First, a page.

Chilean wine is undergoing a fascinating transformation. Here are 11 of the country's Sauvignon Blancs to try right now.

By Betsy Andrews
June 18, 2020
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Recently, I got an email from an American friend who lives in Chile. “I feel like I am missing the most pivotal movement in the U.S.,” she wrote. “The scenes remind me of Santiago—on steroids.”

I know what she means. As I participate in demonstrations sweeping the United States against structural racism and the police murders of Black Americans, I’ve been thinking a lot about Chile. The contexts may be different, but there’s common cause in the struggle for justice, and the energy of young activists here recalls the mass protests I witnessed earlier this year in Santiago, where resisters were fighting against economic inequalities enshrined in a constitution that dates back to Pinochet, the murderous dictator that ruled Chile from 1973 to 1990. (Their protests had similar success to what we’re witnessing here with new legislation and prosecutions against police brutality; in October, Chileans will vote on a referendum to rewrite their constitution.) The city was covered in the movement’s graffiti, and nights brought marches by kids in face masks, shouting, “Free Chile! Revolution! End capitalism!” at cops in riot gear armed with tear gas and rubber bullets.

Credit: Laberinto Wines / Vinedos Veramonte / Casa Marin

I had come to Chile to drink wine, but wine does not exist in a vacuum, and every dinner, every tasting I had with Chileans was an opportunity to talk about politics and the need for change. There’s no denying that capitalism is at the heart of winemaking, with its grand estates, its international owners, its global trade. In Chile, I visited some properties that had been founded under the neo-liberal policies of the Pinochet era. Yet, an energy has been kicked up in Chilean wine that, if not itself anti-capitalist, mirrors the country’s political fervor. Chileans are in a period of awakening, including in food and wine. “It’s the spirit of the new confronting the old,” Rocío Marchant, a young winemaker and marketer, told me about the protests. “I think it’s the same with the wine here in Chile. It’s trying to do something different.”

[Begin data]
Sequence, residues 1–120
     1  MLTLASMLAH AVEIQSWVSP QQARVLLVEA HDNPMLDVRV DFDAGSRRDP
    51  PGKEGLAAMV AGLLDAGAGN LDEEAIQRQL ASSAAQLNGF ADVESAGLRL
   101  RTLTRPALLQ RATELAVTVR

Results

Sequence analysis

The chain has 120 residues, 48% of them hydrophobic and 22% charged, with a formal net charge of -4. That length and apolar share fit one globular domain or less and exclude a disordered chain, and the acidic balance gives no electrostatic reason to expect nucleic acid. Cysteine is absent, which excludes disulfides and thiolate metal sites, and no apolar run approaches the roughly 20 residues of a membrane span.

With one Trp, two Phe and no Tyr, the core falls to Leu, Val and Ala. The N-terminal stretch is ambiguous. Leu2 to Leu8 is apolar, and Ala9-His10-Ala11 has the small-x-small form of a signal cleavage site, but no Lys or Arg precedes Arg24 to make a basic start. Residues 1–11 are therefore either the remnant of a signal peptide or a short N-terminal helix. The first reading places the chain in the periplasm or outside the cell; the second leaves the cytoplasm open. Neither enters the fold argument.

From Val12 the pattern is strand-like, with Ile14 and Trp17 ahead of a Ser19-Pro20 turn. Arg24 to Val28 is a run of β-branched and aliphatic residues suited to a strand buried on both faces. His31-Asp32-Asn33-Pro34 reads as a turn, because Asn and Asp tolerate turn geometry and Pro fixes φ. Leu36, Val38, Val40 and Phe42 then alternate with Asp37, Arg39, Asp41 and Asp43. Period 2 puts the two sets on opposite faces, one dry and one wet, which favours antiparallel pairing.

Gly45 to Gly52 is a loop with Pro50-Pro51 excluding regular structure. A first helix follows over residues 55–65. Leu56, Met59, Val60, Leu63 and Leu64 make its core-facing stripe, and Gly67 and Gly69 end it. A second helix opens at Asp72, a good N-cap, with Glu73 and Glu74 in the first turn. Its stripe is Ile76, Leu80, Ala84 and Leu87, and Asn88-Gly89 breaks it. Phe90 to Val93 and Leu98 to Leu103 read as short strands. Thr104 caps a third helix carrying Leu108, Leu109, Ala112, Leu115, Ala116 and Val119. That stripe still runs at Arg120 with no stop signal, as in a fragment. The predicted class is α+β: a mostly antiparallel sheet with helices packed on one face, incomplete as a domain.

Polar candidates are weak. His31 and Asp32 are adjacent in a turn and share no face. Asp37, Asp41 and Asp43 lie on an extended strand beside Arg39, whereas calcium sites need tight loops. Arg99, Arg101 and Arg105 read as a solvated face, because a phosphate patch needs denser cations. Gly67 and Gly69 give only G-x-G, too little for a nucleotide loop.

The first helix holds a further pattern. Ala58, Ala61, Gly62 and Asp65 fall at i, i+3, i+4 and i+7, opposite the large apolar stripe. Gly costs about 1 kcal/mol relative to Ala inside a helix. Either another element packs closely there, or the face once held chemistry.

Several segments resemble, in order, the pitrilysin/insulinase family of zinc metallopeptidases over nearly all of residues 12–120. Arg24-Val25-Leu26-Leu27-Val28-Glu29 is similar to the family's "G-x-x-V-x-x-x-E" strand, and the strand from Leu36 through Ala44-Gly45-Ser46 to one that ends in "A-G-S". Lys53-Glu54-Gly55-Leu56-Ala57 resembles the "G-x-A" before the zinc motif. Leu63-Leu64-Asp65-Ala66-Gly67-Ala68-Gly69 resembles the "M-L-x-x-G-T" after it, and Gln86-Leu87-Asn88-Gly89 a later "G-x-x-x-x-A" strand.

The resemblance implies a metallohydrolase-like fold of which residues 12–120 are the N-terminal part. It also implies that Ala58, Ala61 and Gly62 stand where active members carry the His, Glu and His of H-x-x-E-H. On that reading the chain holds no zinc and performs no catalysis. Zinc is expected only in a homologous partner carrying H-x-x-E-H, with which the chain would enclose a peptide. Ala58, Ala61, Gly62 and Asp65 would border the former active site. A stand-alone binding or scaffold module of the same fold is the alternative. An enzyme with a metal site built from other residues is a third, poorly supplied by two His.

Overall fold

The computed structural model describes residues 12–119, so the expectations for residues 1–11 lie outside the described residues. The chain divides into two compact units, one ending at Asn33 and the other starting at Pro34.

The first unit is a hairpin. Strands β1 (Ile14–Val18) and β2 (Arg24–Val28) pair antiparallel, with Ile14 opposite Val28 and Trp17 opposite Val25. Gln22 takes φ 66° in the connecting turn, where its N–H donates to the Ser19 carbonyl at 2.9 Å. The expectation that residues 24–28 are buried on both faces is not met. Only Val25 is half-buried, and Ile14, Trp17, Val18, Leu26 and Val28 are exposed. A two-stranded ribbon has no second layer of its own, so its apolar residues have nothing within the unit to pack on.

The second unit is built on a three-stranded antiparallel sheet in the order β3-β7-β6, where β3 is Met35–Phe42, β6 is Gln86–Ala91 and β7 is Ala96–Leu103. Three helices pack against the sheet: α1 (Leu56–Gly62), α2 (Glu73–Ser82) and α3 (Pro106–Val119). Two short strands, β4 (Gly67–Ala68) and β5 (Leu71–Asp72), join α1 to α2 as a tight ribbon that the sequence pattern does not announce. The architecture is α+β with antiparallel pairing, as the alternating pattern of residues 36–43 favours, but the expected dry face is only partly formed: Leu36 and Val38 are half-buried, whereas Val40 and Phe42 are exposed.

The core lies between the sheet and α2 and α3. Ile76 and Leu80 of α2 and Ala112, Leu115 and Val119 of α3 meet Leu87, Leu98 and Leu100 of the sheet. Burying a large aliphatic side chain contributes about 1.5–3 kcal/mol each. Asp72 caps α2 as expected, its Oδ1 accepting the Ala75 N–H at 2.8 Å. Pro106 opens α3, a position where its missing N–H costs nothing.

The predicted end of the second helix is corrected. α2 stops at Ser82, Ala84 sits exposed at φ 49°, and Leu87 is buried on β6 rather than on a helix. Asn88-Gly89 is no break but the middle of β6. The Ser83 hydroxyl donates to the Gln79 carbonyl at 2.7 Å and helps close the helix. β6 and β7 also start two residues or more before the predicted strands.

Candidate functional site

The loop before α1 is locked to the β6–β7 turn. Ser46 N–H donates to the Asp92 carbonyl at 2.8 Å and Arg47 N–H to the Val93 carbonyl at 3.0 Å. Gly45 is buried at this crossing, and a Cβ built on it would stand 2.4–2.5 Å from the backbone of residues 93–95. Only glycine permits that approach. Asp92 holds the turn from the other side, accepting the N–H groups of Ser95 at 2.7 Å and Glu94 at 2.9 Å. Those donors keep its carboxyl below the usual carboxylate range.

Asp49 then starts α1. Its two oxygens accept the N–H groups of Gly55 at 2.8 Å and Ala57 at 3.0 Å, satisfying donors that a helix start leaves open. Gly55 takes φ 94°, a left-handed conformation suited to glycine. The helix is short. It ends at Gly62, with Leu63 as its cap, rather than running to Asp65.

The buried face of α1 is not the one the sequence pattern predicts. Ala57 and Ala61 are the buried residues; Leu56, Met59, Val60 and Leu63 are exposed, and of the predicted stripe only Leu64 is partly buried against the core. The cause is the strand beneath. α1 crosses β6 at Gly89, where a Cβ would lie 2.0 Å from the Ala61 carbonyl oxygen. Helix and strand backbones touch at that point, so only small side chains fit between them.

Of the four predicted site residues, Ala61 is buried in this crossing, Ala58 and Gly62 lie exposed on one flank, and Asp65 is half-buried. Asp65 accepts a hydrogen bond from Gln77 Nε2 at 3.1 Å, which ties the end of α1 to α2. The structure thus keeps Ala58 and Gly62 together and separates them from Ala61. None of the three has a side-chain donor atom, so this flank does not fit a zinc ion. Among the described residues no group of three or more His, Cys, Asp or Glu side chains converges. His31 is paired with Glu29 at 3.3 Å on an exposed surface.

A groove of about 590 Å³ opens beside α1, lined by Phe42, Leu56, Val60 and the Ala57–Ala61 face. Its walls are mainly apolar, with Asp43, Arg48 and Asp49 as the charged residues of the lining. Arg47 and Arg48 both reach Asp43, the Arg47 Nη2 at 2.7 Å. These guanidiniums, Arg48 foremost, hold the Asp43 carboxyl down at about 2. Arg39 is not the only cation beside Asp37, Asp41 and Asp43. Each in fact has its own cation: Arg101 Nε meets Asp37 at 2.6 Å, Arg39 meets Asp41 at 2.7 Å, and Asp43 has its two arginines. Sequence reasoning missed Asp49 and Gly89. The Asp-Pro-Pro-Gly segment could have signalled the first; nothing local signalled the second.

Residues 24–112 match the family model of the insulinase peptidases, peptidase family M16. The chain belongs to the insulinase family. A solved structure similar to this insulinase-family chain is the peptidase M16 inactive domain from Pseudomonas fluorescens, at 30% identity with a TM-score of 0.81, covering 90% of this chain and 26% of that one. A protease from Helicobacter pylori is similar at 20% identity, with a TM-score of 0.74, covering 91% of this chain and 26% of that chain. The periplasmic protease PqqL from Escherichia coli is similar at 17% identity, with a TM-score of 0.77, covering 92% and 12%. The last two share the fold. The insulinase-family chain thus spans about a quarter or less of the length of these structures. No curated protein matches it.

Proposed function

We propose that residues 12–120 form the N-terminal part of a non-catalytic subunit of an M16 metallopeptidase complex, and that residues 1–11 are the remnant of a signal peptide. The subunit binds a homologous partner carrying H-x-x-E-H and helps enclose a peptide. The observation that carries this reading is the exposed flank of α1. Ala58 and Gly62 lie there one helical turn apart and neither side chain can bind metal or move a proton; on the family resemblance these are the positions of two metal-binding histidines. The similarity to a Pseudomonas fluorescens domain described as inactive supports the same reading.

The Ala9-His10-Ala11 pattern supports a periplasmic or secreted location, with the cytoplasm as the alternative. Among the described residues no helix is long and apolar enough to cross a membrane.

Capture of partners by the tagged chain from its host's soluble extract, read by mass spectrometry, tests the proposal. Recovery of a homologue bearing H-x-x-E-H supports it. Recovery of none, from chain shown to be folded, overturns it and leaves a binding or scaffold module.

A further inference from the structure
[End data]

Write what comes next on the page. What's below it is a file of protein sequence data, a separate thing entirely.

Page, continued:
Some young winemakers are next in line to run established wineries, while others are startup bootstrappers. As a whole, they have been upturning old ways, eschewing conventional production for organic, low-intervention methods; discovering new terroirs; and forming new coalitions to market their wines. 

“I think it’s very important, the work this younger generation is doing,” says veteran winemaker María Luz Marín, whose career spans 44 years in the industry. “They have a lot of passion, they’ve traveled, and I think that we have an interesting future. Chile is on the move and making a lot of noise and doing interesting things.”

It may not be a revolution, but it is a transformation, and it’s abetted by other contemporary events, as producers innovate in the face of COVID-19 and a climate change–induced drought. “Virtual tastings are more transparent,” Sofia Araya told me when I caught up with her over Zoom. I first met Araya, 41, at Veramonte Winery, founded in the Casablanca Valley in the late 1980s. Its mall-like hospitality center sees busloads of visitors, but for now, as Chile reaches the top of its pandemic curve, Araya is holding virtual tastings for handfuls of consumers. “It’s made us more approachable. You can talk to the winemaker directly very easily,” she says.